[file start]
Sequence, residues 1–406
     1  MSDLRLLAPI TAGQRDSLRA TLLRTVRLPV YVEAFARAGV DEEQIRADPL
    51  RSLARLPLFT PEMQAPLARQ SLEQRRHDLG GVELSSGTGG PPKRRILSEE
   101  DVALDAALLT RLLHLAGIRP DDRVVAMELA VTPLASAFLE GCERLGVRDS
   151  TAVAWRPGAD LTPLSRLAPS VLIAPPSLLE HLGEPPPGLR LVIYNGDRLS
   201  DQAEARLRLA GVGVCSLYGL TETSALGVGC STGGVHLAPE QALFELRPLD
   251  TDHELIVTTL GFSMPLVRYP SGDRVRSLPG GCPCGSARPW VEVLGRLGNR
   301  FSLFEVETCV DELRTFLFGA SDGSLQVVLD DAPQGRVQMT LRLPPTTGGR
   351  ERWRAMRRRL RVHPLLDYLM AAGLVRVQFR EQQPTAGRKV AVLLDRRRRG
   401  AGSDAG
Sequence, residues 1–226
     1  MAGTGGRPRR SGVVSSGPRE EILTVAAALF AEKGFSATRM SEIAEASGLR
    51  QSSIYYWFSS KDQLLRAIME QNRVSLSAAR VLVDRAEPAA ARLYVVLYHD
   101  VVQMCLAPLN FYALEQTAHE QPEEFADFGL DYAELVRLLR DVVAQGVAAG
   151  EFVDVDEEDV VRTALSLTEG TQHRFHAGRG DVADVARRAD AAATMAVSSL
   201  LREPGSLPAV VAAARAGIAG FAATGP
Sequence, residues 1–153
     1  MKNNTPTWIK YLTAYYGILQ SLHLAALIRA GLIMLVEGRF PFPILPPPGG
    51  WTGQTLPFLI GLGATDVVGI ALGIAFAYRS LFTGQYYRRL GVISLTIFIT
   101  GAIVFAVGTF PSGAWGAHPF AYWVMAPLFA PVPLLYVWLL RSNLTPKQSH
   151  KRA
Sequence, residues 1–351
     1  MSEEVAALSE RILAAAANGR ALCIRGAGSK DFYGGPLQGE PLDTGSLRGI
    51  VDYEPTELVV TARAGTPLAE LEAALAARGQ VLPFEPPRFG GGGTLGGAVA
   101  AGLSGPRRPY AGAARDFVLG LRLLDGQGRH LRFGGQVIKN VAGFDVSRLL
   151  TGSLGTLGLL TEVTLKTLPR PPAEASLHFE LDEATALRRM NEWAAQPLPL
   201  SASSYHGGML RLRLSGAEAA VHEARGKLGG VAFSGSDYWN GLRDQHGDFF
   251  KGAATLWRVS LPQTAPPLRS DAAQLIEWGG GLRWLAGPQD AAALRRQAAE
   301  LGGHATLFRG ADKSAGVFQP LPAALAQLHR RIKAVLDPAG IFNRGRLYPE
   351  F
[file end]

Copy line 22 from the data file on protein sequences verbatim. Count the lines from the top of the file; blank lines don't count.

Sequence, residues 1–351